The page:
Addiction and Revulsion

tl;dr

I am not repulsed by the object of my addiction. That might be an inconvenience but I don’t think it’s a problem.

I don’t think revulsion is helpful. The point is to look forward: find a way back to the right path and, while on the path, focus on the goal ahead.

comment

I’m not entirely convinced that describing my bad habits as “addiction” is useful, but I did used to smoke cigarettes (most of the 1980s, sometimes quite heavily; haven’t smoked at all since mid 1990s). Smoking cigarettes is uncontroversially an addiction so that habit gives me a comparison.

Recovered or recovering addicts sometimes talk about feeling revulsion for the object of their addiction & how their craving overcomes their revulsion, or how they still indulge in the activities that revolt them.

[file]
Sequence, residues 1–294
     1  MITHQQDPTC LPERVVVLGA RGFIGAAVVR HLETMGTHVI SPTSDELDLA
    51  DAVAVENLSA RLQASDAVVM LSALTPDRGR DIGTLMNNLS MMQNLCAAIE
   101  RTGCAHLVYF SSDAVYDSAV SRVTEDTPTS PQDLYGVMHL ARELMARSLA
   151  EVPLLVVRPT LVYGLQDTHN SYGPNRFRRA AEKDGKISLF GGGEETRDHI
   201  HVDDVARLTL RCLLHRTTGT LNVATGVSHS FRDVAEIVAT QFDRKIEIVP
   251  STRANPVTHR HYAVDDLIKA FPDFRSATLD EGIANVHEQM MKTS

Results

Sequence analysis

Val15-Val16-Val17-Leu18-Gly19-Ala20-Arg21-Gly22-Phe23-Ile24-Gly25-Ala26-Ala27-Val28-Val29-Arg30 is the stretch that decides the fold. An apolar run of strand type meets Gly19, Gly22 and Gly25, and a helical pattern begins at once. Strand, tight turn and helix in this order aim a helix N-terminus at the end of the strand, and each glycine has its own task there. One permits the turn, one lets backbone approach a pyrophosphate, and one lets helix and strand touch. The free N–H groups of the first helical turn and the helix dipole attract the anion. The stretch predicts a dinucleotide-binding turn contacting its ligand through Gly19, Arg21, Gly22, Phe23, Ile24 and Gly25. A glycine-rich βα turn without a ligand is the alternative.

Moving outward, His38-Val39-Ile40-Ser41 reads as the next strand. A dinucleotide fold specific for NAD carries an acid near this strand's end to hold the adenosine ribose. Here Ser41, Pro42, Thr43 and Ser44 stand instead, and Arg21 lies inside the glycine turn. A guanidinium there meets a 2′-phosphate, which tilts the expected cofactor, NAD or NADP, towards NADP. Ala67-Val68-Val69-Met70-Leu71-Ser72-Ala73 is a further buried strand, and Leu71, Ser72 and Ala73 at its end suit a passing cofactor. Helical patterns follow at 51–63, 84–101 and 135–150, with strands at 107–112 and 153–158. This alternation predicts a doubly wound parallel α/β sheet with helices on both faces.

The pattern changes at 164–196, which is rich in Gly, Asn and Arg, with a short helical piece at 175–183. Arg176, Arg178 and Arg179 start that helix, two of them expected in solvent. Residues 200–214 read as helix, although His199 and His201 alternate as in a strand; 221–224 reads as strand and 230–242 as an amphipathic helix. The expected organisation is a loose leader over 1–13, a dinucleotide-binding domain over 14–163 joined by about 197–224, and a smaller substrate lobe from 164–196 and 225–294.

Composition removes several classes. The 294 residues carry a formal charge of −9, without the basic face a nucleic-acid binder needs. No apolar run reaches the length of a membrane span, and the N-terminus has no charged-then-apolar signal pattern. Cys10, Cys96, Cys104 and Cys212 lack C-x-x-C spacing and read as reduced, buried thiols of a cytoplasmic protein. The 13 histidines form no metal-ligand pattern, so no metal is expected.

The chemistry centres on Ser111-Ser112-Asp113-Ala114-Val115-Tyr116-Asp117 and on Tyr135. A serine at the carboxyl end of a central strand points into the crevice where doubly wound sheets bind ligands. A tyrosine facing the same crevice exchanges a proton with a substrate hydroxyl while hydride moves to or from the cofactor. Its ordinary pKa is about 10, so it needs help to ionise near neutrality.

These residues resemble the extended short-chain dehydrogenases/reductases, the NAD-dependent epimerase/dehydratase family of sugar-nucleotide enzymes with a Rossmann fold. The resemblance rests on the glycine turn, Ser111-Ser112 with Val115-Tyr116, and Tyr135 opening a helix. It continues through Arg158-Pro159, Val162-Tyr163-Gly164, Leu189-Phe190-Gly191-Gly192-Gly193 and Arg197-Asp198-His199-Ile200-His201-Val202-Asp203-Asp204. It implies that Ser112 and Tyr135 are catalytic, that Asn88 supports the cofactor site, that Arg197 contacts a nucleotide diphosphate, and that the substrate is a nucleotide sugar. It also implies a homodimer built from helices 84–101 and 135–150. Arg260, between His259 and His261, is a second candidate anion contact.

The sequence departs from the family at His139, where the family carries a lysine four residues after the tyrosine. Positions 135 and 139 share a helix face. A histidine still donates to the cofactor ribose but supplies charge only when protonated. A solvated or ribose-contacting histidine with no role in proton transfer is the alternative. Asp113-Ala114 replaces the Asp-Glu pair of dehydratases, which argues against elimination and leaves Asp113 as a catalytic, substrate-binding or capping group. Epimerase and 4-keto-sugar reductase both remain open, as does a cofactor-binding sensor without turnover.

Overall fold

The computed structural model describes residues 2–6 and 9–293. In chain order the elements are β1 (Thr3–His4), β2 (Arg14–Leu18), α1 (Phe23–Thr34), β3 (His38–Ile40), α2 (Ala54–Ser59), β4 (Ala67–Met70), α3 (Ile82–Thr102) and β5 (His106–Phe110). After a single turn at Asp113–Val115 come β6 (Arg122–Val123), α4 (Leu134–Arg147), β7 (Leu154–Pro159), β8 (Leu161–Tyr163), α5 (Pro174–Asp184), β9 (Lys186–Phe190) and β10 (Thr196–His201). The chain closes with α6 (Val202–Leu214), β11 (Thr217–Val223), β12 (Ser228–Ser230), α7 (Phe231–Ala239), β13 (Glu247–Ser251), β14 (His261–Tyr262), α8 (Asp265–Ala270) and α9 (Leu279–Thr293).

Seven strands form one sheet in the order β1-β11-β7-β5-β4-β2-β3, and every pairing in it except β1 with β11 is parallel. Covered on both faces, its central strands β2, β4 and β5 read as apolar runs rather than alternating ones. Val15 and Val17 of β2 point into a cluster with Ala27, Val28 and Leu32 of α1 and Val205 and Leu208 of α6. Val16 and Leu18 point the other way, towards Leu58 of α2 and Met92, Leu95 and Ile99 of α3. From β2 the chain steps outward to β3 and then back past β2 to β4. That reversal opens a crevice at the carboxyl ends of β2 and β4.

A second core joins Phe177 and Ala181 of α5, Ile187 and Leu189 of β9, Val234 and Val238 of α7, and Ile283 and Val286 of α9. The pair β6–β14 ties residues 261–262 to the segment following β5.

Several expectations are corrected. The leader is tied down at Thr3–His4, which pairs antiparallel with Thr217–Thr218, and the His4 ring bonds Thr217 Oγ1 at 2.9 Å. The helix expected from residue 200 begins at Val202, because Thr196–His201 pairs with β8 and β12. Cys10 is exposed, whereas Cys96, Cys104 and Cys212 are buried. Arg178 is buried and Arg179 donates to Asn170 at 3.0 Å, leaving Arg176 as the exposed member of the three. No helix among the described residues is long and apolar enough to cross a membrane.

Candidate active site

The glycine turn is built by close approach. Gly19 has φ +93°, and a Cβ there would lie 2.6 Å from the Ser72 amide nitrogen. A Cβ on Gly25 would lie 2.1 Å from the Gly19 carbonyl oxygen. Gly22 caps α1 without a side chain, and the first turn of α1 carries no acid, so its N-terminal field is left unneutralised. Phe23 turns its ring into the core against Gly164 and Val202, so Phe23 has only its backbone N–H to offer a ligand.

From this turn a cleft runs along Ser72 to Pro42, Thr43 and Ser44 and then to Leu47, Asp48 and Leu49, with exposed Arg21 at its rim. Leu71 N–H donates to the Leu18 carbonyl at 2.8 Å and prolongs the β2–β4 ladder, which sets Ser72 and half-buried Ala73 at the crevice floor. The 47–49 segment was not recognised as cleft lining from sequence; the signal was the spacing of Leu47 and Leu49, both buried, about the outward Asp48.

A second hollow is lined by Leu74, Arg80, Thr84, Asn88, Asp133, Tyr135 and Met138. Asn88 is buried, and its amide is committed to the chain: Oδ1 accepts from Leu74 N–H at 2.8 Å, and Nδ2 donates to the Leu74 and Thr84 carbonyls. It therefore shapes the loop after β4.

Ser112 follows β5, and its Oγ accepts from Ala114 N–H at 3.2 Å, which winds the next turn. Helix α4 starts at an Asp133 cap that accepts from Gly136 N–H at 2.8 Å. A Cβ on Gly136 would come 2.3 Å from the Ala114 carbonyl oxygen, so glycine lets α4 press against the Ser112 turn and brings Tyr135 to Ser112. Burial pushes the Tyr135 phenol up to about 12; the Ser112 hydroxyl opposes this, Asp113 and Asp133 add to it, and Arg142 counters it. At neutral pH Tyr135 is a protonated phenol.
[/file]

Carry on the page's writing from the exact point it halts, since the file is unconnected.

I’ve never felt that revulsion. e.g. with cigarettes, I never stopped enjoying smoking. I did have several failed attempts at quitting.

Towards the end of an episode when I’ve over-indulged and I’m sated I feel some revulsion bu tI think that’s different. That’s like the revulsion we feel when we’re given another bowl of trifle when we’ve already had four.

I do feel revulsion at myself (mild with smoking, stronger with pr0n) when I relapse — but that revulsion is linked to my weakness of will (or my strength of will in the wrong direction). It’s not linked to the object/activity, which I enjoy.

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